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BOTW Album Review: Joe and Will Ask – Vikings

Their Soundcloud page says simply ‘Joe and Will Ask are based in London and make dance music.’ It’s a prosaic (and tongue in cheek) assessment of their skill – this record proves they do so much more than that.

Vikings – the record’s name is taken from their infamous club night – is a debut record 5 years in the making. Since first collaborating in 2007 the duo has released songs on celebrated labels including Kitsuné, Deadly and Gulp.

In those five years they’ve become known for an amalgamation of electro, trance, house and techno. This album takes all those elements and refines and heightens them. It’s packed to bursting with pulsating jams which are built up to be broken down again.

With Vikings they’ve honed their style to create an album that ebbs and flows like the best club night they could put on. The opening gentle parping and echoing vocals of first track ‘Freya’ and the twinkling ‘Goat Race’ help set the scene, though it’s rather sedate compared to what is to come.

It’s when only when ‘Last Forever’, with its breakdowns and propulsive rhythms, kicks in that things really get going.  It’s followed by ‘This Song’ which may have the strangest line to a song you’ll ever dance to.  Have you ever imagined yourself throwing your hands in the air to an off kilter synth line and the line “I want this song played at my funeral”? No? Well, you may do now.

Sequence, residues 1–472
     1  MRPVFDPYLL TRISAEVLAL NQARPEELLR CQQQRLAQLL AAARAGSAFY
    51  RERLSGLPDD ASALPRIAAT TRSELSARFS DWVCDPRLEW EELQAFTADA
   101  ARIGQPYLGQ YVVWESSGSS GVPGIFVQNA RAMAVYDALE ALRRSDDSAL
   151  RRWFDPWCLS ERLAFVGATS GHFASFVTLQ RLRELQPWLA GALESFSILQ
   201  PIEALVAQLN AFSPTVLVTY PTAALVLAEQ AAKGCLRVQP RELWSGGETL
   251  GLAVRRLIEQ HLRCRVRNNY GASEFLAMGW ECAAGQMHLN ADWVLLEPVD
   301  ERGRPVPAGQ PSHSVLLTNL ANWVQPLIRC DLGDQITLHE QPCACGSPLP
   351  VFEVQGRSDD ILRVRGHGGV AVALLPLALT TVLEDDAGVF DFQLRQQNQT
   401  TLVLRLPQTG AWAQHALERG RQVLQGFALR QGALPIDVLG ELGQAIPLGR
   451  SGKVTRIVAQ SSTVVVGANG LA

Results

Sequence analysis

‘Santander’ is the banker, the centerpiece of the album where discordant catchy synths and crunching beats meet, building up and swooping down again, like a techno bird of prey. It’s the dark, woozy sound of night and it’s hypnotic. ‘My Skin’ is a cocktail of sultriness and weirdness in equal measures (“my skin is thick as sin”) while ‘Put It Down’ with its repeated refrain of “shoot like a tommy gun” is another highlight.

As the night (or record, whatever) approaches its end we get ‘Baywatch’, which is as fun and bouncing as its title suggests with its swirling piano and pulsating beats clanging and insistent. The fragmented and doom laden ‘In The Rain’ is its antithesis.

The swirling waltzers of ‘Before Spring’ set us up for the euphoric closer hands in the air of Spring where the joyful stabs of sunshine give way to great big chunks of synth.

This is a throbbing and effervescent thrill. It’s a record that captures the energy of their live show and shows them perfecting their signature sound. Those club nights might be getting even more crowded.

-Danny Wright

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